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Czech civil society: Compensation for illegal sterilizations is too slow and too strict, just 35 successful cases out of 261 applications so far

16.8.2022 6:09
Elena Gorolová, spokesperson for the Group of Women Harmed by Forced Sterilization, calling on MPs to pass the compensation bill (2021).
Elena Gorolová, spokesperson for the Group of Women Harmed by Forced Sterilization, calling on MPs to pass the compensation bill (2021).

Representatives of human rights organizations and those representing the Romani community are calling on the authorities to improve their approach to the process of awarding compensation to the victims of illegally performed sterilizations, saying that the process is not being correctly managed due to the way the law is being interpreted, which makes the position of the applicants uncertain. Open letters have been sent to Czech Health Minister Vlastimil Válek (TOP 09) and Czech Prime Minister Petr Fiala (Civic Democratic Party - ODS) about the issue. 

The Human Rights League has informed the Czech News Agency of the issue. According to them, as of the close of May, a total of 261 women had applied for compensation.

Decisions had been made in just 74 of those cases at that time. Of those decisions, just 35 were positive. 

The victims of illegal sterilizations have been able to apply to the state for compensation in the amount of CZK 300,000 [EUR 12,000] as of January this year. The compensation is theoretically available to anybody who was subjected to such a surgery between 1 July 1966 and 31 March 2012 without having decided to undergo sterilization of their own free will and without having been correctly informed ahead of time about all of the possible repercussions of such surgery.

Many sterilizations were the result of social workers coercing women to have the procedure under the threat of the state taking away their existing children if they were to have more children in the future, or the threat that their social benefits would be stopped. Other incentives used to persuade women to undergo the procedure in the interest of "the health of the population" were financial or offered rare access to consumer goods. 

The regulations that were in place until 1993 made such coercion possible. Victims of these practices in the Czech Republic are now able to apply to the Health Ministry for compensation. 

Under the current law, the ministry has 60 days within which to handle the claim and is meant to send the awarded money within 30 days of issuing a positive decision. The background materials for the law estimated that about 400 persons would be eligible for such compensation. 

The total amount expended for redress would therefore be CZK 120 million [EUR 5 million] if 400 eligible claims were to be filed. "Together with other organizations, we are calling for a remedy to the current state of affairs, which is putting the victims of these practices in an uncertain position," said Elena Gorolová from the victims' association and Anna Štefanidesová, a lawyer from the Human Rights League.

"Above all, we perceive it as problematic that the legislated deadlines are not being upheld by the ministry and the only evidence being considered valid is medical records. In many cases those records have officially been destroyed and are unavailable," the open letters report.

The letters are signed by representatives of human rights organizations, Romani organizations, women's rights organizations, and volunteer civil society members from the Czech Government Council for Roma Minority Affairs, including the director of the Charter 77 Foundation Božena Jirků, Čeněk Růžička of the Committee for the Redress of the Roma Holocaust in the Czech Republic, sociologist Fedor Gál, Deputy Public Defender of Rights Monika Šimůnková, human rights activist and translator Gwendolyn Albert, volunteer civil society member of the Czech Government Council for Roma Minority Affairs Jan Husák, director of the RomanoNet organization Michal Miko, and the director of the ROMEA organization, Zdeněk Ryšavý. They are concerned that the process as it is currently being managed is failing for many applicants in practice, which undermines the victims' faith that their cases will be properly handled.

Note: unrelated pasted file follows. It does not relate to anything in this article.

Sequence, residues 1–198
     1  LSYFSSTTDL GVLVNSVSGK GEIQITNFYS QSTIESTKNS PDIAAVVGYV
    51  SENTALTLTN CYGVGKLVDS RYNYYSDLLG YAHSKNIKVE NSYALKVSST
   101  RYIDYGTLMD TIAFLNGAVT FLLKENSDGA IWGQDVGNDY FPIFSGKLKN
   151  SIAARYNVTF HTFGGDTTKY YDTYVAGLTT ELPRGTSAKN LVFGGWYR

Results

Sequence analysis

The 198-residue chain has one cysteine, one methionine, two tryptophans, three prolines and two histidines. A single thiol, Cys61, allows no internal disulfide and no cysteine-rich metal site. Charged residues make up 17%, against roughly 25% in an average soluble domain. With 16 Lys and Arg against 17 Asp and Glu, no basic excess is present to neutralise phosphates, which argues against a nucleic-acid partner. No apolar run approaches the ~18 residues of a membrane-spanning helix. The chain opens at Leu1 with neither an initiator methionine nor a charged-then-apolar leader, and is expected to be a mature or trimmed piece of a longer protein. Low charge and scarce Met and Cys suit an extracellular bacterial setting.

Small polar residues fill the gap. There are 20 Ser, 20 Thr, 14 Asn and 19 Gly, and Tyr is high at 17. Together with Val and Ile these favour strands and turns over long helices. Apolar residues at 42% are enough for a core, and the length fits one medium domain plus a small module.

The ministry is exceeding the lawfully-established deadline by which it is meant to decide these claims, according to the open letters. As far as the signatories are aware, none of the applicants whose medical records no longer exist has been awarded compensation. 

Even if it can be substantiated that such records were not handled in accordance with the law by the institutions in question, the applicants still are not being compensated. "The law that was adopted expressly facilitates the submission of evidence other than medical records, but we do not yet know of cases where such evidence has been accepted," the authors of the open letters point out. 

In their view, the two-month deadline for resolving claims must be upheld and a methodology for acknowledging circumstantial evidence in these cases should be developed by collaborating with experts who have long dedicated themselves to these issues. Suspicions that forced sterilizations were happening in the Czech Republic, above all to Romani women, were raised in 2004 by the European Roma Rights Centre. 

Dozens of women turned to the ombudsman with their experiences at that time and some also sued in court. The Czech Government Committee against Torture proposed introducing a compensation scheme in 2006. 

In the year 2009, the cabinet expressed regret for the illegal surgeries. The law to compensate the victims was not adopted until last year.

ČTK, translated by Gwendolyn Albert
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Civil society, forced sterilization, odškodnění, Zdravotnictví



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